A range of different measures has since dealt with specific issues of the operation of mobile online education apps. For instance, the Notice on the Prohibition of Apps from Entering Primary and Secondary School (Circular 102) prohibiting harmful apps from entering primary or secondary campuses or the Implementation Opinion Regarding Regulating After School Online Tutoring  (Opinion 8), which restricted who could teach at off-campus online training facilities.

Later in 2019, the government took a more serious step. For the first time, the Chinese government has rolled out the first formal policy document to regulate education-related apps.

The Ministry of Education, along with eight other ministries, released the Opinions on the Orderly and Healthy Development of Educational Mobile Internet Applications (Opinion 55). This was essential in establishing a more long-term approach to the monitoring of mobile education apps, calling for better management and governance of these apps.

According to the guidelines, education authorities and schools should ask the opinions of students, parents and teachers before introducing online apps to students. In addition, all apps used at all levels at schools should register with provincial education authorities by the end of 2019, and a long-term management mechanism on the apps with specific standards and rules should be established by the end of 2020, the guideline said.

Provincial education authorities should work with other departments to select apps that meet the standards before recommending them to schools, the guideline added. Moreover, schools should not charge any fees for apps for teaching and student management, and these apps should not contain any commercial advertisements or games, it read. Furthermore, when the school recommends other apps to students, they cannot force students to use them or associate the use of the apps with grades, credit, or honorary titles.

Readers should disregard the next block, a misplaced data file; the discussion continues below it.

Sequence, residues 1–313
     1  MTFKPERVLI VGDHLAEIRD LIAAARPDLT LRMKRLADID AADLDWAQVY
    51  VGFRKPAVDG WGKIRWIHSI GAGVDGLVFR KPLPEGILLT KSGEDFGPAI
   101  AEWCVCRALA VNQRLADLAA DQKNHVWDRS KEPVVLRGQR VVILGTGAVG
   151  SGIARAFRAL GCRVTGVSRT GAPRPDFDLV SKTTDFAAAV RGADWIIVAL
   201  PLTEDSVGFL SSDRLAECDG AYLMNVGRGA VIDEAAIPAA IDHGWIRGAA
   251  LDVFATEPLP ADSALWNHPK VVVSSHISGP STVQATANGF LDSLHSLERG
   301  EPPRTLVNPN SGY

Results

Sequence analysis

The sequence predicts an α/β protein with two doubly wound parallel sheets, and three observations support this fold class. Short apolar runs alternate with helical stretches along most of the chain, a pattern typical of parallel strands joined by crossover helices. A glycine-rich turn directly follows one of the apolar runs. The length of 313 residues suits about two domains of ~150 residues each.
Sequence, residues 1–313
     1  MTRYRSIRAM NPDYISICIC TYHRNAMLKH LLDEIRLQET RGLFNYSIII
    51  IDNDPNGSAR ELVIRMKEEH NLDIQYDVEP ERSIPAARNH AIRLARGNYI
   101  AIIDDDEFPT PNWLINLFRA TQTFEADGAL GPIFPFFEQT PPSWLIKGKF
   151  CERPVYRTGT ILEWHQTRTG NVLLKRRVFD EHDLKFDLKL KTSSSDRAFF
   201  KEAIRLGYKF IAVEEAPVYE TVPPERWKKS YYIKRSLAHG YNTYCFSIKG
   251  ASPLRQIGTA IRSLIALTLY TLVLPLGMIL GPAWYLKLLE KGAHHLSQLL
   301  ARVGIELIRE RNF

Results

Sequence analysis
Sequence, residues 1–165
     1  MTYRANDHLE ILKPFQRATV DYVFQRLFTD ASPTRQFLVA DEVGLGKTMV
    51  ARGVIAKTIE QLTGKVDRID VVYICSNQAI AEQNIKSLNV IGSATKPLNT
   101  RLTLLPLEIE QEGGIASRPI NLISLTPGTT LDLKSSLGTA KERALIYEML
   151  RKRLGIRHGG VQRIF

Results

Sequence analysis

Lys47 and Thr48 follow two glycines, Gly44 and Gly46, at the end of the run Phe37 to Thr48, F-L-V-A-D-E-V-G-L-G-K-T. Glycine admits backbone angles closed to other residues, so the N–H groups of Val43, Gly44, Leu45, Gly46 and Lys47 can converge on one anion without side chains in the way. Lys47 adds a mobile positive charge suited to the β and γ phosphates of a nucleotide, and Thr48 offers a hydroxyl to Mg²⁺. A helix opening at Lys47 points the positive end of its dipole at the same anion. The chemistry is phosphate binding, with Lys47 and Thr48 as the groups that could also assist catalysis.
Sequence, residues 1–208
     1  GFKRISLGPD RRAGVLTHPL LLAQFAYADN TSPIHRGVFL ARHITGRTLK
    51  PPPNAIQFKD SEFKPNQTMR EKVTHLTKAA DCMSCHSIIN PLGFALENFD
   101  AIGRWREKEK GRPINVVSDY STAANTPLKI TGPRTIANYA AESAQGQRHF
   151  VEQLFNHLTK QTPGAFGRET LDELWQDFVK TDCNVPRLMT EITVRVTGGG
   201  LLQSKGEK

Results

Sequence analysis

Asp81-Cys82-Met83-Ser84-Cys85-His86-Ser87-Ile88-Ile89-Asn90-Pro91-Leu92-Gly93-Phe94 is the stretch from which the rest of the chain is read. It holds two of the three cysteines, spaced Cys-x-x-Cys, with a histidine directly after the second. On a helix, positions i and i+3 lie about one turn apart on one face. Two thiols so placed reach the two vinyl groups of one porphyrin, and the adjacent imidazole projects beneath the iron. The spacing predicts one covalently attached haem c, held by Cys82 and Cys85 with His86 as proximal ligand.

Recently, the nature of the COVID-19 outbreak has also heightened efforts to bring online education to the forefront of the central government’s policy-making agenda.

Due to the outbreak, the world’s largest student population – of 176 million K-12 students – are under in-home quarantine, taking online classes.

Early on this year, the Ministry of Education, along with five other central authorities, led the charge on a campaign to check the operations, course content, and teaching qualification of online training providers.

By the end of the review, education authorities had finished scrutinizing 3,463 courses and 115,622 teachers of the 718 online training course providers. The campaign is expected to result in a provincial blacklist of the unqualified or poorly run online training providers and to suspend or shut down their services.

While these regulations made parents and students happy, they make the companies in the online education industry worried. However, China’s social emphasis on learning and knowledge, along with the country’s flourishing technological infrastructure, makes investing in online education still an exciting prospect for most of them. Companies such as Zuoyebang, VipKid, Yuanfudao, Liulishuo and Ding Ding have recently increased their investments.

Yet, businesses must be careful when entering this industry, especially foreign investors. While some segments of the market, such as K12 compulsory education, remain off-limits to foreign investment, other sections – such as foreign languages, vocational training and corporate training – continue to be promising areas of investment. Therefore, foreign investors need to seek local professional advice, especially as education remains a sensitive area of investment in China. In addition, it seems like the regulations will continue to develop as the market expands and tiger moms and students continue to address emerging problems with it.

In short, in the future online education might not be as profitable as it used to be, before the regulations. Investors need to think twice – and probably consult with tiger mothers for a sharper analysis –  before jumping into the market.

Editor: Luke Sheehan